On the face of it, and in the absence of any evidence arguing to the contrary, Bennett's decision to take Halaholo under her roof and her pleas in mitigation on his behalf are unexceptionable, understandable and even commendable. At times of strife, particularly when the law is requiring an errant youngster to face the consequences of his actions, family bonds are tested, and those that do not break are precious indeed. It is difficult to imagine that Bennett's motives in allowing her granddaughter's father to be bailed to her home were anything other than entirely blameless. Her personal history, which has not been free of tribulation over which she has triumphed, would equip her to be an ideal guardian of a young man who needed watching over, and the non-custodial remand alternatives, presuming they existed, would very probably have been less satisfactory.So, what's the problem? Paul Bennett, who is now Minister for Social Development, gave her daughter's partner somewhere to live while he is on bail and writes letters attesting to his character. Why is this not "unexceptionable, understandable and even commendable?" Because the Herald wants blood, that's why. Paula Bennett was alright when she was the battler who triumphed over adversity, when she was a role model for the Brown folk. She was the new face of Change, for a short while, the get-up-and-go Minister from the wrong side of the tracks who knew about life at the bottom and was going to do something about the people there. Then she was the real-life battler, who took on the thugs in hand to hand combat. But now it turns out she has been harbouring a criminal. Worse than than, she has been harbouring him in leafy Titirangi.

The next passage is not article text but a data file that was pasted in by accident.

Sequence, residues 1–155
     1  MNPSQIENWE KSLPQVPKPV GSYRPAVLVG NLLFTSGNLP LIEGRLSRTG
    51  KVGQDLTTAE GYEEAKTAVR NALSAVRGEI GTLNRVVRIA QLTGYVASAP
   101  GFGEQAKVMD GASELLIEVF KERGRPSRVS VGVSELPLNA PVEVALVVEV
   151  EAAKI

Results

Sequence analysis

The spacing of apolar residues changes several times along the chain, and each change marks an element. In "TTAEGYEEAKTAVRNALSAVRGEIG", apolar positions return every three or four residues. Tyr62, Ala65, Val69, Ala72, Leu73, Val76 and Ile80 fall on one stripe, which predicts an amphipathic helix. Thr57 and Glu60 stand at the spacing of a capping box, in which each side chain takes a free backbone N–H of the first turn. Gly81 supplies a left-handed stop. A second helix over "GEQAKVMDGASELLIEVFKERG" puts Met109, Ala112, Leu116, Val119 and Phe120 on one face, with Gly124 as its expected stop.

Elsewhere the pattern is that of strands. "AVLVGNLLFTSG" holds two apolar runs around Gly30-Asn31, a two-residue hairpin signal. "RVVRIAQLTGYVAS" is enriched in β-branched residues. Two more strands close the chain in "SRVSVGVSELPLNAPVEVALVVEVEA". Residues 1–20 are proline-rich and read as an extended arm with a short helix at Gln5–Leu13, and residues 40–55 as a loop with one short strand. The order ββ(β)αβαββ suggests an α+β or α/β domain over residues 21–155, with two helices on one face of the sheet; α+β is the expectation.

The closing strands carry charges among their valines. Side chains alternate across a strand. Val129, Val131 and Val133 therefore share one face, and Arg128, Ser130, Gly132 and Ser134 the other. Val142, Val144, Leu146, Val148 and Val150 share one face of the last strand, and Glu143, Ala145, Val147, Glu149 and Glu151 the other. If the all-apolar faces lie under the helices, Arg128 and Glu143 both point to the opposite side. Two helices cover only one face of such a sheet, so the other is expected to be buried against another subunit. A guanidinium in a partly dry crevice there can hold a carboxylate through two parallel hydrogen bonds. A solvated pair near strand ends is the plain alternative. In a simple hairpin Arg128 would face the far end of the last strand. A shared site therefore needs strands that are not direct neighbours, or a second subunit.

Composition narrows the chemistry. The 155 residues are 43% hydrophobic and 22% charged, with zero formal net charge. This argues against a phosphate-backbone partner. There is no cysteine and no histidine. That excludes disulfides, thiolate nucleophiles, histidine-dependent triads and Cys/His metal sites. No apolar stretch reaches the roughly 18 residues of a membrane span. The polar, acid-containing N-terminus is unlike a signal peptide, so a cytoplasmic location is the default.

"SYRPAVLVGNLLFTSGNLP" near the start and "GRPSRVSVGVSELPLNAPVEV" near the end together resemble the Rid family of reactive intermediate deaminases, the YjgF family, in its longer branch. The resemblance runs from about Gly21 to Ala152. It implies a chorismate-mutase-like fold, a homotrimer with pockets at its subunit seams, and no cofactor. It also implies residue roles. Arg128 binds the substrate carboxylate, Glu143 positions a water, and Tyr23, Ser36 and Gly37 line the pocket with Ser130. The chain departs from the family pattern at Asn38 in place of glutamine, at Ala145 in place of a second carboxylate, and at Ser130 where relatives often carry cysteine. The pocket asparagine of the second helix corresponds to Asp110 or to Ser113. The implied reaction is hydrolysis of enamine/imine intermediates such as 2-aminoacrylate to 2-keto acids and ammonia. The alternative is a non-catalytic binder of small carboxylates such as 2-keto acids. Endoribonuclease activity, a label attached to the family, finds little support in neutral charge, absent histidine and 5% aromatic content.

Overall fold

On the face of it, Ms Bennett's actions were "unexceptionable, understandable and even commendable." But clearly they were unacceptable. For a start, she has an unmarried daughter whose partner is a member of a vicious street gang. And, rather than shunning her and condemning him, she offered them shelter and support. You don't do that sort of thing. They want the perps to be crushed, not welcomed into homes in leafy Titirangi. They want revenge. They (and by They, I mean the Herald, its readers in leafy suburbs, the angry middle-aged men, the commentators and such like) cannot bear to see the perpetrators of crime being supported, rather than condemned. Nor can they bear to see the perps revealed as people, who have families and children, and with merits. Tories cannot bear too much reality.
Ms Bennett's failed to realise that They did not want Brown. They wanted beige. They wanted someone who would be an example to the Brown folk, not one of them. They wanted someone who was once Brown herself, but now has a home in leafy Titirangi and is otherwise indistinguishable from white folk. Instead They got a security risk, someone who is a risk to the security of their own prejudices. And unfortunately for Ms Bennett, that nice Mr Key is so nervous of upsetting Them that he will abandon her to Them.